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When developers seem fair, new tech looks less risky

When evaluating the risks of new technology, people consider whether developers behave fairly, new Cornell research has found.

‘One Health’ a key focus of COVID-19 Summit

The “One Health” approach is perfectly suited to tackling the COVID-19 pandemic, the most serious public health crisis in recent history, Cornell researchers said during the university’s COVID-19 Summit, a virtual event held Nov. 4-5.

Voters anxious ahead of election, students’ national poll finds

After learning the theory and methodology behind public opinion polls, undergraduates in “Taking America’s Pulse” surveyed a nationally representative sample of more than 1,100 Americans on a wide range of topics.

Social scientists win award for rural population studies

Cornell social scientists were part of a team that won the National Excellence in Multistate Research Award from the Association of Public and Land-Grant Universities and the United States Department of Agriculture.

Psychological ownership improves care of public parks, lakes

Marketing strategies that boost feelings of psychological ownership can increase people's willingness to clean up trash, donate money and volunteer at public parks, according to research co-authored by Suzanne Shu, professor of marketing.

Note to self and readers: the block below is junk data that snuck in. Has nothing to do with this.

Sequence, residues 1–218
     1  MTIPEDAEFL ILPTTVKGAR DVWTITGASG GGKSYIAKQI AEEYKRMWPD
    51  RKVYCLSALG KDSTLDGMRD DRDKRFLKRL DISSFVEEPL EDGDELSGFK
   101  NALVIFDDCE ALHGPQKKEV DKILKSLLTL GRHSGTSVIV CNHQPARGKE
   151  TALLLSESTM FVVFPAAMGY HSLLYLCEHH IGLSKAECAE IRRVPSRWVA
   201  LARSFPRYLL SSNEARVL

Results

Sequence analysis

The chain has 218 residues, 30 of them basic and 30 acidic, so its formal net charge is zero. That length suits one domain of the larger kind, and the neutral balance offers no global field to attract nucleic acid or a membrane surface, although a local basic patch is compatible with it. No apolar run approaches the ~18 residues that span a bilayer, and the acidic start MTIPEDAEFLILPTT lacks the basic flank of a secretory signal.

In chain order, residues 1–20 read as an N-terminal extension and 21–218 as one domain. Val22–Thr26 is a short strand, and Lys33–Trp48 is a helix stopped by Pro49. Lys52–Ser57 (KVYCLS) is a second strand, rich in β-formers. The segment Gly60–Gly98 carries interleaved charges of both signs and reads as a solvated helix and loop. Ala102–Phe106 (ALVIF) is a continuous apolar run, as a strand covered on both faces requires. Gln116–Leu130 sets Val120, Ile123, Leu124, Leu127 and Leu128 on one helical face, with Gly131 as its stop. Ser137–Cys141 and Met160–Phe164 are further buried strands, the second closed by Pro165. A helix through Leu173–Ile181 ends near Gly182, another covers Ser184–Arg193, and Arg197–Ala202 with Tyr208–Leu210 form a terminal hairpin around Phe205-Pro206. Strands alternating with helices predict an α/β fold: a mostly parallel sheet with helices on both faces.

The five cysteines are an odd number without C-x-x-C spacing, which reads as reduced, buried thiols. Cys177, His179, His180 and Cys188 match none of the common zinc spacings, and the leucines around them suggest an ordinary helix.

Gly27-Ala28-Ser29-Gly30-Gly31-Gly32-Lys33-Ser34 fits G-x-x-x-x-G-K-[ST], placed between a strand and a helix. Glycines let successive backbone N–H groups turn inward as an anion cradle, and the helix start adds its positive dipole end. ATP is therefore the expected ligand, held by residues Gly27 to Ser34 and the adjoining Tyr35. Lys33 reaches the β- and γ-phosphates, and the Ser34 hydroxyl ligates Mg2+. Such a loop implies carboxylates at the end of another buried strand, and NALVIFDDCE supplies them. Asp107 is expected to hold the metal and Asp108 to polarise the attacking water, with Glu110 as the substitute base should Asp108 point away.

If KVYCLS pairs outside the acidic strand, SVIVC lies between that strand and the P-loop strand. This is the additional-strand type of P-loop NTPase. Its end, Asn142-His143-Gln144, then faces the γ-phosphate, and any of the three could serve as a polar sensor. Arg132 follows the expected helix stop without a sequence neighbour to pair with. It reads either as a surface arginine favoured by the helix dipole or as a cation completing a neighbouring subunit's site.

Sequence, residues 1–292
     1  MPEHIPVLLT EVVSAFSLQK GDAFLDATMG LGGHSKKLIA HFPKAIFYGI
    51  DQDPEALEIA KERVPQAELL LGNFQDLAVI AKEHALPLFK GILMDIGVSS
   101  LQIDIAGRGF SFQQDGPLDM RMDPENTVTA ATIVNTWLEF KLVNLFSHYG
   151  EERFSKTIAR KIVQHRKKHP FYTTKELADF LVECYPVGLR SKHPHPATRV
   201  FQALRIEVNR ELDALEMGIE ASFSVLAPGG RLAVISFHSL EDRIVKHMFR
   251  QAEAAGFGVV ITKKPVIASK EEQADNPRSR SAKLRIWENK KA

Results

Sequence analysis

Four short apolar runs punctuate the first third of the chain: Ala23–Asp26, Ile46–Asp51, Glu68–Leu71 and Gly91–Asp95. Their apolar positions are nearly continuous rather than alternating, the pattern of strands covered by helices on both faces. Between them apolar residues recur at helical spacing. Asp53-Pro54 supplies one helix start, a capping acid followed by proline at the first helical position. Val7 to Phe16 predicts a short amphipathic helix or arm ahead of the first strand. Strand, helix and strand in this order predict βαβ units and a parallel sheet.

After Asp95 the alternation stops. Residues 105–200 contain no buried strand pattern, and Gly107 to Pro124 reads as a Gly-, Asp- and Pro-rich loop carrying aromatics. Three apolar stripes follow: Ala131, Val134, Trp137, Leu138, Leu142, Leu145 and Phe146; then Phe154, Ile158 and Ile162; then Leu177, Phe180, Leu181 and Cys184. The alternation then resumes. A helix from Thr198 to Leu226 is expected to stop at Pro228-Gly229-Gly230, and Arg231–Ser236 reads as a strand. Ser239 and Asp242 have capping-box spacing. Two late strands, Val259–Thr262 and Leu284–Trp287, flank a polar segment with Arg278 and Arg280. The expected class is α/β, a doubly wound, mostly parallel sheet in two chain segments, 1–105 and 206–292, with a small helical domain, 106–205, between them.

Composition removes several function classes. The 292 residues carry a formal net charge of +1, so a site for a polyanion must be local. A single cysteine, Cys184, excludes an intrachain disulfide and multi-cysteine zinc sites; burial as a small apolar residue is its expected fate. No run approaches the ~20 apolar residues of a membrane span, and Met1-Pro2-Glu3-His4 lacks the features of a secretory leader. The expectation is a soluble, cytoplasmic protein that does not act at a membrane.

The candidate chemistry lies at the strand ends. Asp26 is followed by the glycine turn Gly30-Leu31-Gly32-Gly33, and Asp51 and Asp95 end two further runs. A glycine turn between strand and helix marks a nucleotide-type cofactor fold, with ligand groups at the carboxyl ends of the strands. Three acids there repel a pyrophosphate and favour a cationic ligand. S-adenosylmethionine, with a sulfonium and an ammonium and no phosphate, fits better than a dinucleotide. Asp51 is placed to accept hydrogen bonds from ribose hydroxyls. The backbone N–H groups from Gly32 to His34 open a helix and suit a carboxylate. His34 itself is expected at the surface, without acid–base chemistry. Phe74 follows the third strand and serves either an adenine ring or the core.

Wilkerson: US must reckon with ‘long shadow’ of caste system

Isabel Wilkerson, journalist and author of “Caste: The Origins of Our Discontents,” on Oct. 21 delivered the Cornell Center for Social Sciences’ annual Distinguished Lecture in the Social Sciences.

Entry isn’t easy, but immigrants face few barriers in NYC tech

Cornell researchers surveyed 325 Manhattan and Brooklyn tech firms in 2015 and found that 45% of the CEOs were first- or second-generation immigrants.

Efficacy, politics influence public trust in COVID-19 vaccine

In surveys of nearly 2,000 American adults, barely half said they would be willing to take a hypothetical vaccine with an efficacy, or effectiveness, of 50% – the U.S. Food and Drug Administration’s minimum threshold for a COVID-19 vaccine.

Religion: less ‘opiate,’ more suppressant, study finds

Rather than making people less political, religion shapes people’s political ideas, suppressing important group differences and progressive political positions, according to sociologist Landon Schnabel.